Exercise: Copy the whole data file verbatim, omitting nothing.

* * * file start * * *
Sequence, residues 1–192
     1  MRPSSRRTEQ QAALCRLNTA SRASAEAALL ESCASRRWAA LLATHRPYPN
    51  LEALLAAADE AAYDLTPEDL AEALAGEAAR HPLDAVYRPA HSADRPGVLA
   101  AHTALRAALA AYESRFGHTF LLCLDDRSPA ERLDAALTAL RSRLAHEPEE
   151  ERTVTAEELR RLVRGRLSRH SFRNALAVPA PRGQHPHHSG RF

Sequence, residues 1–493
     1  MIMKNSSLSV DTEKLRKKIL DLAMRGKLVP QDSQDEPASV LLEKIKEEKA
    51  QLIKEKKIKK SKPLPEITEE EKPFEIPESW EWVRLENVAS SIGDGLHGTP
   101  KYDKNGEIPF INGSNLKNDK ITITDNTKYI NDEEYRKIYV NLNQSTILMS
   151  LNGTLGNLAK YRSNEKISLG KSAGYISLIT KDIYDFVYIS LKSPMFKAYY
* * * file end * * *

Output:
Sequence, residues 1–192
     1  MRPSSRRTEQ QAALCRLNTA SRASAEAALL ESCASRRWAA LLATHRPYPN
    51  LEALLAAADE AAYDLTPEDL AEALAGEAAR HPLDAVYRPA HSADRPGVLA
   101  AHTALRAALA AYESRFGHTF LLCLDDRSPA ERLDAALTAL RSRLAHEPEE
   151  ERTVTAEELR RLVRGRLSRH SFRNALAVPA PRGQHPHHSG RF

Sequence, residues 1–493
     1  MIMKNSSLSV DTEKLRKKIL DLAMRGKLVP QDSQDEPASV LLEKIKEEKA
    51  QLIKEKKIKK SKPLPEITEE EKPFEIPESW EWVRLENVAS SIGDGLHGTP
   101  KYDKNGEIPF INGSNLKNDK ITITDNTKYI NDEEYRKIYV NLNQSTILMS
   151  LNGTLGNLAK YRSNEKISLG KSAGYISLIT KDIYDFVYIS LKSPMFKAYY